A passive house uses a lot less energy to sustain a comfortable temperature within the property than an ordinary home, and also less than an Eco Home, although a Passivhaus uses more than a Zero carbon house.
With views of the stunning Scottish countryside and set within 18th century limekilns, Hope House had a head start before the property was even built.
From the image above and further images that can be found here, you can see that the property has been designed with style inside and out, and boasts impressive Eco credentials including a living roof.
The owners Richard and Pru Irvin decided to build the property utilising where possible green technology and sustainable locally sourced materials, this enabled less energy to be consumed and less distance required to transport materials.
Everyone’s favourite property designer and TV presenter Kevin McCloud described Hope House as his dream home. The Saltire Society and the Edinburgh Architectural Association also highly rated the design as they both bestowed Hope House with well deserved awards.
Designed by one of the architects behind the Eden Project, Cedar House was destined to be filled with ecological and sustainable solutions, and that it has.
From harvesting the rain, triple glazing, a green roof, and walls insulated with straw bales, Cedar House has been built with great consideration so that it has as minimal an impact on the environment as possible.
Whittlebury Para 55 House
One for the lottery win! This 3.5 million pound Eco home is up for sale, but the catch is that it hasn’t been built yet. For people dreaming of having their own Eco home built from scratch, this is the perfect solution as all the hard work of finding a site, drawing up plans and sourcing the materials has already been done.
What a stunning area to live in too! Most green belt areas are almost impossible to gain building permission for, and for good reason, but the team at Sadler Brown architecture have managed to tick all the requirements regarding the Paragraph 55 clause of the National Planning Policy Framework.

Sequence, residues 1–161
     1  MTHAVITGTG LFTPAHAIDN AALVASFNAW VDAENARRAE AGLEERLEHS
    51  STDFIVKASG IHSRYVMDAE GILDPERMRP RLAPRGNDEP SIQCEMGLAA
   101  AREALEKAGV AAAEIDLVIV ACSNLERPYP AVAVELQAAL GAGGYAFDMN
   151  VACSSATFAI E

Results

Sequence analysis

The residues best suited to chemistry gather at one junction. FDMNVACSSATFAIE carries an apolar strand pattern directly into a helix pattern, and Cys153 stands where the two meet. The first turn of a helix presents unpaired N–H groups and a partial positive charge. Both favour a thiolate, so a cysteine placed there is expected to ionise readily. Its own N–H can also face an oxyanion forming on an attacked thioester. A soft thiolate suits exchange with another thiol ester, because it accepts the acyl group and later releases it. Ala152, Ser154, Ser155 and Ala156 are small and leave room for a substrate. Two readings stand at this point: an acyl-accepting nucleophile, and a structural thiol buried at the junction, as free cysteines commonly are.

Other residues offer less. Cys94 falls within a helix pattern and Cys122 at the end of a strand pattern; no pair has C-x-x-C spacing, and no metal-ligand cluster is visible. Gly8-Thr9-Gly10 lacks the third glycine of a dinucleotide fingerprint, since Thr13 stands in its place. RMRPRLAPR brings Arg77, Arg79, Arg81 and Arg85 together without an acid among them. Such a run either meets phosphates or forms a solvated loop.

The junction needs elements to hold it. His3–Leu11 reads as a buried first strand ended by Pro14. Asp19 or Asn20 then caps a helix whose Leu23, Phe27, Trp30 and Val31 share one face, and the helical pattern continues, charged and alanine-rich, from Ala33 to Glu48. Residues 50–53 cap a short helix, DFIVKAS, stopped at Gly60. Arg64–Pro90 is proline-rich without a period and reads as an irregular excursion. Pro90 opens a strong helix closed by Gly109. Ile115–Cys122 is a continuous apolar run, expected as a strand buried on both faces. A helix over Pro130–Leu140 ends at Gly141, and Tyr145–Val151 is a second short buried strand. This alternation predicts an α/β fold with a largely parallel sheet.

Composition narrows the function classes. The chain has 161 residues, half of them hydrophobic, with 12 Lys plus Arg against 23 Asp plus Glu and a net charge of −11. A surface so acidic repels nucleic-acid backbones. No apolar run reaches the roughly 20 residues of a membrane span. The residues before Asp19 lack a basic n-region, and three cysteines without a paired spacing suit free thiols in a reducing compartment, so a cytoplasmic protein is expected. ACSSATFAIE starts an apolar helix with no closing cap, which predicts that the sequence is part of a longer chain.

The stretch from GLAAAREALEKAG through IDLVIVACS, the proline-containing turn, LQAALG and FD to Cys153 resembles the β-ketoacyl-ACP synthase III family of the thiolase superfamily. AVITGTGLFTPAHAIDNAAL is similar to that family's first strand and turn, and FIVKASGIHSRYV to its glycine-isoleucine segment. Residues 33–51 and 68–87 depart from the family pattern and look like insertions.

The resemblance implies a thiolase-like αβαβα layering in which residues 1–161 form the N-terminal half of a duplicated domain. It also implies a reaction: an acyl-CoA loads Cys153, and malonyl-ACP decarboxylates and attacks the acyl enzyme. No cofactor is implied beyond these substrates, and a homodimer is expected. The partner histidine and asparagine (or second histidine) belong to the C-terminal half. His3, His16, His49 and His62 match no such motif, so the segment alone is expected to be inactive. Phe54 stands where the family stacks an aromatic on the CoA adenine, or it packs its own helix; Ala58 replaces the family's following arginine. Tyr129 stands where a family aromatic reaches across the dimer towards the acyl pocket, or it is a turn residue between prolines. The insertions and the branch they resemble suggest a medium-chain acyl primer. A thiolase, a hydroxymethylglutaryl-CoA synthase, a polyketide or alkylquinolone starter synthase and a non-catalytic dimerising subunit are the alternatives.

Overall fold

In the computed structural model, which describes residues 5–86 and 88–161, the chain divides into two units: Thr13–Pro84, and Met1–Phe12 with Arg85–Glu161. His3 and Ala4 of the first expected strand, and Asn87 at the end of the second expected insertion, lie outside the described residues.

This is an immense achievement, possibly due to the planning authorities deciding the design reached the requirements of being truly outstanding or innovative, and reflecting the highest standards in architecture. All three are very difficult areas to attain, as you will see in this article titled 5 Things You Need To Know About Paragraph 55.
New Forest Beach Huts
I know I’m cheating with this one, but for many the dreams of building their own Eco home is not always possible. These beach huts on the other hand are great examples of what you could achieve even in a small space.
Build one in your garden and you could have an Eco “She” or “Man” shed, an exciting place for guests to stay, or an office with a difference!
With a wood burning fire, solar panels, fitted kitchen and bathroom, and even a bed in the roof – what more could you need!
Remember even if you’re Eco home is a distant dream you can still make a huge difference making smaller changes within your present home. Kevin McCloud states that:
Most people think, “I’m going to go green! I’ll buy myself some solar panels.” It’s all good stuff, but if we’re not careful we’ll end up using more resources by buying new equipment, which won’t help the consumption problem. Rather than buying a flash new heat pump, it’s more efficient to spend a tenth of the cost on good quality insulation or double-glazing. Putting money into the bones of the building is probably the most valuable difference we can make.
If there’s an Eco home that you dream of living in within the UK, we would love to hear about it in the comments below.